As stated in the article, high velocity flow through valves frequently results in problems of erosion, erratic control, vibration, shutoff leakage and noise. The problem of noise is dealt with in detail in page 94 of the article.

Hydraulic and pneumatic valves of the type now in use frequently produce noise to an extent which may exceed legal limits. In pneumatic valves, this results primarily from aerodynamic noise caused by turbulence and shock waves due to the high velocity of the fluid flow.

SUMMARY OF THE INVENTION

The control valve of the present invention is an improvement upon existing valves of the staged-trim type. While prior valves of this type have used a "Christmas tree" configuration, the valve of the present invention provides a plurality of successive stages of progressively increasing diameter which are arranged along a continuous curve which extends from vertical adjacent to the inlet to horizontal adjacent to the outlet.

In a conventional Christmas tree type of staged-trim valve, movement of the poppet toward an open position results in opening all of the seats or orifices at the same time and to the same extent. With the valve of the present invention, movement of the poppet toward open position results in opening the large orifices around the outlet almost completely because they are oriented transversely to the direction of the poppet movement. At the same time, the other orifices are opened to lesser degrees, progressing to extremely small openings adjacent to the inlet.

It is accordingly a primary object of the invention to provide a valve of the type and configuration described, in which a series of progressive orifices is created in a manner distinctly different from anything found in the prior art.

It is also among the objects of the invention ot provide a valve in which the effective poppet stroke increases progressively from the inlet to the outlet.

Another object of the invention is to provide a valve in which the orifice area increases progressively from inlet to outlet to a greater degree than a Christmas tree configuration, due to the continuous curvature of the orifice pattern.

A further object of the invention is to provide a valve of the type described which is particularly adapted for use as a priority valve or back-pressure regulator. It is particularly adapted for use in applications such as a compressor discharging into a high pressure tank.

Another object of the invention is to provide a control valve in which the orifices of smaller diameters are placed in the high pressure area, with the orifices of larger diameters in the low pressure area in which additional space is required due to the increased volume resulting from the lower pressures.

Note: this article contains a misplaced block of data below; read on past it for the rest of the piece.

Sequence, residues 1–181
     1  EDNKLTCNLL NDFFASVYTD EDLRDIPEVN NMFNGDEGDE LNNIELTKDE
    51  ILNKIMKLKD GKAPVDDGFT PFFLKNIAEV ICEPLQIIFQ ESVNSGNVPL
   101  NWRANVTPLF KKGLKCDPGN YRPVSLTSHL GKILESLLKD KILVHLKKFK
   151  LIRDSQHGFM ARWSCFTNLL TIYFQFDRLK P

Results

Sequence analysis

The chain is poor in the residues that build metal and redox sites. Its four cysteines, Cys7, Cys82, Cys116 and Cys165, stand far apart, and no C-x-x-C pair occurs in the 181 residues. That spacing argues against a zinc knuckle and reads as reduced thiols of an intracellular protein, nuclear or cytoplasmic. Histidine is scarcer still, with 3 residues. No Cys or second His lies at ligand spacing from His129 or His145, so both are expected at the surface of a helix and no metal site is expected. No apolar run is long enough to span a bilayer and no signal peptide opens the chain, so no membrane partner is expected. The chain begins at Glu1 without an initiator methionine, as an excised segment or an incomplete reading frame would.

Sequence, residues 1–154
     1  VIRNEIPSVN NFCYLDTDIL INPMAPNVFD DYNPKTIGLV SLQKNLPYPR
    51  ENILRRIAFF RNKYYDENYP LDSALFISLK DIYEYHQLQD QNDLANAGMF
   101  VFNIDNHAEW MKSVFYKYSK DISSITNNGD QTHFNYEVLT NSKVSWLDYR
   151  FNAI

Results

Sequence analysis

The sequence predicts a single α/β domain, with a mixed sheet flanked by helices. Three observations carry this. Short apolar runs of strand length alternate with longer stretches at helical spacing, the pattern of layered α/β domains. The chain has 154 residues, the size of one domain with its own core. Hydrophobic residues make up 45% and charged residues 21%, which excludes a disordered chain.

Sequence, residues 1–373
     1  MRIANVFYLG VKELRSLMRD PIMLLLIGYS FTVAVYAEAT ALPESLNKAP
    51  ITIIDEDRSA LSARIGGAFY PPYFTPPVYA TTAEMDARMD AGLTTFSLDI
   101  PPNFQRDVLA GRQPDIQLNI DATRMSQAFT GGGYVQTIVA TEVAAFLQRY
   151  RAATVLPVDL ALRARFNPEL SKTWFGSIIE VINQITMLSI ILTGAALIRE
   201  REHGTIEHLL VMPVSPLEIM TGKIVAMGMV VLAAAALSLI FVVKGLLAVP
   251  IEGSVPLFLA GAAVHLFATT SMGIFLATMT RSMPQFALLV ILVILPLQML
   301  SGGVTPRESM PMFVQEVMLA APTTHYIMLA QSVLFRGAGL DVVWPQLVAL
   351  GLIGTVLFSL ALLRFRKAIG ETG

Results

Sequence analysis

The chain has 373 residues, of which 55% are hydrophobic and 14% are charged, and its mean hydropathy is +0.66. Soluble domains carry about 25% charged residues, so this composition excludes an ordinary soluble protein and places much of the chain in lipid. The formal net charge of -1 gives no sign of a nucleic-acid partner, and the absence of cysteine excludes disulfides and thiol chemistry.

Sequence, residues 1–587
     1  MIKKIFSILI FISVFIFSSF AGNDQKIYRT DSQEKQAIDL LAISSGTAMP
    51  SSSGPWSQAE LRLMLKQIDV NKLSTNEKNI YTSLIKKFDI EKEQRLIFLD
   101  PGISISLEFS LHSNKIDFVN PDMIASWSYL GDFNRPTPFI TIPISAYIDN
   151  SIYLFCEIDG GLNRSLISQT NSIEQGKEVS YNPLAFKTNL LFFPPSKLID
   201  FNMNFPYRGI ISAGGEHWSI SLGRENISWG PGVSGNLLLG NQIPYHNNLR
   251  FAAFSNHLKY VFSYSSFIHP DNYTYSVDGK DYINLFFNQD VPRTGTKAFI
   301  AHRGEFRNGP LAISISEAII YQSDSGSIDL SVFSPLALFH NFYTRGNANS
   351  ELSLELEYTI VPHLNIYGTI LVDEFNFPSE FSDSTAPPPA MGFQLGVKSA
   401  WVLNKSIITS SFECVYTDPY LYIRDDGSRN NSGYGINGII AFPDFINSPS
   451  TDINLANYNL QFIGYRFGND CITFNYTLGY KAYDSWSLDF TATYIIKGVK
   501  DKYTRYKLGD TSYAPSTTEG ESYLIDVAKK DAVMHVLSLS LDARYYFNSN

It is a further object of the invention to provide such a control valve in which a balance chamber is provided on the opposite side of the poppet from the inlet. The balancing chamber is connected to the pressure adjacent to the midportion of the poppet. The pressure in the balancing chamber acts to counter-balance the movement of the poppet.

A more particular object of the invention is to provide a valve in which the poppet and seat are formed complementarily to each other along a curve extending continuously from vertical to horizontal. One of the members is provided with corrugations or undulations which provide a plurality of adjacent valve seats which are engaged by the other member. In the particular embodiment shown and described herein, the larger size undulations are formed on the valve seat, while the smaller undulations are for manufacturing convenience carried by the inlet end of the poppet.

Another object of the invention is to provide a valve of the type described in which a seal is provided toward but not at the inlet end of the poppet, in an area in which tolerances and dimensions are small. A stationary sealing member of spring-type material is undercut to provide a lip which is adapted to flex slightly to engage and seal with one of the corrugations carried by the inlet end of the poppet. The undercut lip is adapted to be held in sealing engagement with the poppet by high fluid pressure from the inlet.